Florida’s COVID-19 caseload is rising for the first time in months, as the so-called “stealth omicron” subvariant takes over.
The state logged 9,845 new cases between March 21 and Monday, higher than the week prior, U.S. Centers for Disease Control and Prevention data show.
It’s the first time since mid-January that the seven-day sum was higher than the previous week’s.
Florida health officials documented 7,894 new infections during the week ended March 21, the lowest level since June 7, 2020.
The omicron subvariant BA.2, known as “stealth omicron,” comprises about 55% of coronavirus cases across the U.S., the CDC reported Sunday. In the South, it’s responsible for about 39% of infections. Medical experts have said BA.2 is more infectious than the main omicron strain and harder for regular polymerase chain reaction (PCR) tests to identify.
As spring breakers and Snowbirds crowd Florida, some counties have experienced bigger caseload spikes than most of the state.
Palm Beach County cases per 100,000 people double in a week
Miami-Dade County’s infection rate sat at 116 cases for every 100,000 residents during the week ending Monday, more than double the 52 per 100,000 recorded the week prior.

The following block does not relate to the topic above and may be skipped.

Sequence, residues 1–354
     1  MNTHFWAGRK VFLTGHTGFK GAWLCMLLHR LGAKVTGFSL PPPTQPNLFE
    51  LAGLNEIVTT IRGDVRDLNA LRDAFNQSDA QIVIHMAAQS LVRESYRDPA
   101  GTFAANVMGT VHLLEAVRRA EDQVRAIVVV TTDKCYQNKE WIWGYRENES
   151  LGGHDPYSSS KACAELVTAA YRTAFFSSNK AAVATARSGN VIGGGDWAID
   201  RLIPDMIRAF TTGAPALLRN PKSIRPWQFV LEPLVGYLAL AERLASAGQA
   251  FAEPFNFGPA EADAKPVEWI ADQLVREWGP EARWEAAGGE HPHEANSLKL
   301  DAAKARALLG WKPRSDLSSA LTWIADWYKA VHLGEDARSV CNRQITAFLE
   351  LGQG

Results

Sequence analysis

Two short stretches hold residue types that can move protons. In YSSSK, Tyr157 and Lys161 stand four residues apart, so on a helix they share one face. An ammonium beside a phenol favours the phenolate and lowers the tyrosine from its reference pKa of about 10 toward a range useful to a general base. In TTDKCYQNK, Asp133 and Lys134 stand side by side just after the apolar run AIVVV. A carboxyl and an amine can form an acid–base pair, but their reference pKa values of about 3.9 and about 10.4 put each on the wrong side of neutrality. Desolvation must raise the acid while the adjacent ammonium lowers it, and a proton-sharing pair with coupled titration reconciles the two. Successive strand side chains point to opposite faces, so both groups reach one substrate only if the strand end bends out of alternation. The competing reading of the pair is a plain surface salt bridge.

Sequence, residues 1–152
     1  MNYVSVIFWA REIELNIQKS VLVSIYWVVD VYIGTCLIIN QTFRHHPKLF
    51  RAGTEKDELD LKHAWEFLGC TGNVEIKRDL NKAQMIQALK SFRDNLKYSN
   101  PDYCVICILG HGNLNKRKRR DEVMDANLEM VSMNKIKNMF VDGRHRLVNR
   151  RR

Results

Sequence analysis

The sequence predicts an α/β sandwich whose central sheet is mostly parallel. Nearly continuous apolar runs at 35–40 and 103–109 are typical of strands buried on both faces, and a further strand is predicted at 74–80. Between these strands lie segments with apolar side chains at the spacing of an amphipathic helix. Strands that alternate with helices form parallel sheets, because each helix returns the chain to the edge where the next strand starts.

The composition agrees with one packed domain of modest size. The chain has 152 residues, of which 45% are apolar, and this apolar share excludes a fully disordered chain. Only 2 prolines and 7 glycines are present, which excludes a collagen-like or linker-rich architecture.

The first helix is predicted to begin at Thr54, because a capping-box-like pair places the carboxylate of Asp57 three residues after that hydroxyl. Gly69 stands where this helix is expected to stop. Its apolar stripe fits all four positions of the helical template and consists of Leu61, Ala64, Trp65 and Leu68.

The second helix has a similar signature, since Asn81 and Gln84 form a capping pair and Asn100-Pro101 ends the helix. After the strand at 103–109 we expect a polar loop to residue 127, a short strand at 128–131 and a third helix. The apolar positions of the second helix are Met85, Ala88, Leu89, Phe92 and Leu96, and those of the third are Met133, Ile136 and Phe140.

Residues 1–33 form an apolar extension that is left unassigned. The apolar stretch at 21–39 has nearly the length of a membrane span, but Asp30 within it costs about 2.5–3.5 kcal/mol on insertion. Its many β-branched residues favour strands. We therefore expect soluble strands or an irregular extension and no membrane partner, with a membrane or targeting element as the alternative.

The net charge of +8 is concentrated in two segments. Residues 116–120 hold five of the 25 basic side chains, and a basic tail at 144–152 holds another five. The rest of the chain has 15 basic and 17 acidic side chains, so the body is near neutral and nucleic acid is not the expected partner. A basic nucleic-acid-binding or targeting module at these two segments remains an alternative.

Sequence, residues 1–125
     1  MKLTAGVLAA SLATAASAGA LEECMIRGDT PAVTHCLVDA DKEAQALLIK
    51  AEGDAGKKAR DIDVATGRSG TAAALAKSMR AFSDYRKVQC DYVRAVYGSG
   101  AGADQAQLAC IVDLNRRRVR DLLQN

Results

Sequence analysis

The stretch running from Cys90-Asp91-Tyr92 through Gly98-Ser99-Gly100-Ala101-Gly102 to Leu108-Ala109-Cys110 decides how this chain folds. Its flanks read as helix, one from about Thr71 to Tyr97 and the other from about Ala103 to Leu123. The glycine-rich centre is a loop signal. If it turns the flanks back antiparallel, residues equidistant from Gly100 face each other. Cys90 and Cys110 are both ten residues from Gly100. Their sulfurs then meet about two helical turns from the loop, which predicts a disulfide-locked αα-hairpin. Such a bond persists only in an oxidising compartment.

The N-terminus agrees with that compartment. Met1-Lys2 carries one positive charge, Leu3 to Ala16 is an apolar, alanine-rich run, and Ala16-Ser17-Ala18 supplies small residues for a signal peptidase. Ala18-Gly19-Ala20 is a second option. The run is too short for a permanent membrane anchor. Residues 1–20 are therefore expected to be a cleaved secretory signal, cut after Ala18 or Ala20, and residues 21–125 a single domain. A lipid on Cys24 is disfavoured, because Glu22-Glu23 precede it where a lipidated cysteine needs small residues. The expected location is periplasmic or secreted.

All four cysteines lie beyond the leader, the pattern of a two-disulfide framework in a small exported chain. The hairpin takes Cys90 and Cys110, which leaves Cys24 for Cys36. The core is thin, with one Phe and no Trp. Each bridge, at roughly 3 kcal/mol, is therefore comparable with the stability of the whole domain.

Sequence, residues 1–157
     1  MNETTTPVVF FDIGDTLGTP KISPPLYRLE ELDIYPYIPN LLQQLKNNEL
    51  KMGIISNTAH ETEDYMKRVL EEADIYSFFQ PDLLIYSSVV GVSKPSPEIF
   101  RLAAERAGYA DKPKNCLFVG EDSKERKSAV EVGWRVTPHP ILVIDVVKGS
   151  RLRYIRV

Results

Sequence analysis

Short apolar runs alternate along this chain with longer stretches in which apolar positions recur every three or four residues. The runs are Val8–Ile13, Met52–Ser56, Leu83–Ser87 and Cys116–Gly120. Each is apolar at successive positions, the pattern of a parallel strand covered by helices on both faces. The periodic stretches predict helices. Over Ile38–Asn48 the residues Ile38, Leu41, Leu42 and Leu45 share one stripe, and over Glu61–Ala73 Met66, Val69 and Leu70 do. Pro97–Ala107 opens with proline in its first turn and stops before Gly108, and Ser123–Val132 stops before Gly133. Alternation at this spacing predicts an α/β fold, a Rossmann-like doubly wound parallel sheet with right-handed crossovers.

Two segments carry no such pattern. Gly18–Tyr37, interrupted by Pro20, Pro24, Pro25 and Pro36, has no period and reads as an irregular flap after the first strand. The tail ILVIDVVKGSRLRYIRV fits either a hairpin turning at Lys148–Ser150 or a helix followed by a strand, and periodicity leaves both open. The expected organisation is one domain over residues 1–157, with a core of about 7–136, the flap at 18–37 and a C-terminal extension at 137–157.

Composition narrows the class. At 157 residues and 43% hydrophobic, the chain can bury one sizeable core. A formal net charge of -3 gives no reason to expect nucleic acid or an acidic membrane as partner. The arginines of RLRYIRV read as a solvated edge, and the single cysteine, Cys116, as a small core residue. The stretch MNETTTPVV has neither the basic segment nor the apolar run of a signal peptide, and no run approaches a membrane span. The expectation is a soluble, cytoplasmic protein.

Manatee County, home to Bradenton, went from 64 infections per 100,000 residents to 127 per 100,000.
Palm Beach County went from 36 to 82 cases per 100,000.
Viral concentrations have doubled in Miami-Dade County sewage from March 9 to 23, according to wastewater test results from Boston-based laboratory Biobot.
The lab has also detected increases in Hillsborough County, home to Tampa. Seminole County and neighboring Orange County (Orlando) experienced higher viral levels in their sewage during the middle of the month before leveling off.
COVID-19 cases rising again in Florida
Difference in infection rates between the week ended March 28 and the week ended March 14.
As BA.2 spreads across America, the White House has warned the federal government will run out of money budgeted to pay for vaccines, tests, masks and treatments.
Congress has not approved $22.5 billion the White House previously requested to pay for those items to prepare for another COVID-19 wave.
U.S. Rep. Lois Frankel, a Palm Beach County Democrat, could not be reached Wednesday afternoon for comment on funding negotiations. She sits on the House Committee on Appropriations, which decides on federal spending.
Congressional Republicans opposed Democrats’ original proposal this month to pay for the White House’s request by having the federal government take on new debt. Democrats opposed Republicans’ plan to use COVID relief money from the federal government that states had yet to spend.
Meanwhile, vaccination and testing sites across Palm Beach County and Florida operated by companies depending on the federal aid have closed or will shut down in April.